Georgiana Molloy, Jane Porter and the Significance of Exploration Narratives for New Beginnings in a Strange Land

Issue: Vol 1, No 1: Summer 2009
Pages: 55-71
Author(s): Peta Beasley (University of Western Australia)
Citation: http://www.victoriannetwork.org/index.php/vn/article/view/7

Abstract

Sir Edward Seaward's Narrative, first published in 1831, was an instant success: the London Quarterly Review acknowledged that it had gone into its second edition within twelve months. Edited by Jane Porter, Sir Edward Seaward's Narrative follows the model of other exploration narratives, but diverges from the formulae in its focus on ‘homespun achievements' and ‘conjugal bliss and domestic contentment' rather than mutiny and massacre. (William Lines, An All Consuming Passion (New South Wales: Allen & Unwin, 1994), p. 189.)

Georgiana Molloy arrived in the Swan River colony in 1830, settling in the remote south-west of Western Australia. With no home comforts Georgiana had to adapt to the many hardships of colonial life in this unfamiliar land. Despite her time being mostly absorbed in the daily grind, she was determined to find time to read.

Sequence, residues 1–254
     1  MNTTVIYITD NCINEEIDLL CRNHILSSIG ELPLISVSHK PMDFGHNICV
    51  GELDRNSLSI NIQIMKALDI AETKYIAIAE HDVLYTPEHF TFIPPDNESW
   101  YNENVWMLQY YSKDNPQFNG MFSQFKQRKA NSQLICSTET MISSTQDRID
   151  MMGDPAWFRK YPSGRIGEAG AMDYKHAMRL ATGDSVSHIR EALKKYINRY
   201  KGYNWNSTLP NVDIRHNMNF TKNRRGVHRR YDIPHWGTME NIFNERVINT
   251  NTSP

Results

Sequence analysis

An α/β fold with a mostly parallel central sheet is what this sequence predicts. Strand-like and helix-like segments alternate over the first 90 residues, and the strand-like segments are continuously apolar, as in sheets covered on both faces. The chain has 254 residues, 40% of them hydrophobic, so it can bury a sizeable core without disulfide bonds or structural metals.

In 1834 Georgiana wrote in a letter to her best friend in England that she was reading Sir Edward Seaward's Narrative. This was the first work of fiction that Georgiana had read since arriving in the colony, and yet this novel, I propose, was the motivation for her finding purpose and passion in her harsh surroundings. This paper will explore how Sir Edward Seaward's Narrative, with its focus on ‘homespun achievements', mutual support, companionship and adherence to the Sabbath, became for Georgiana the foundation of beginnings in the challenging and harsh environment in which she found herself. (Ibid.)



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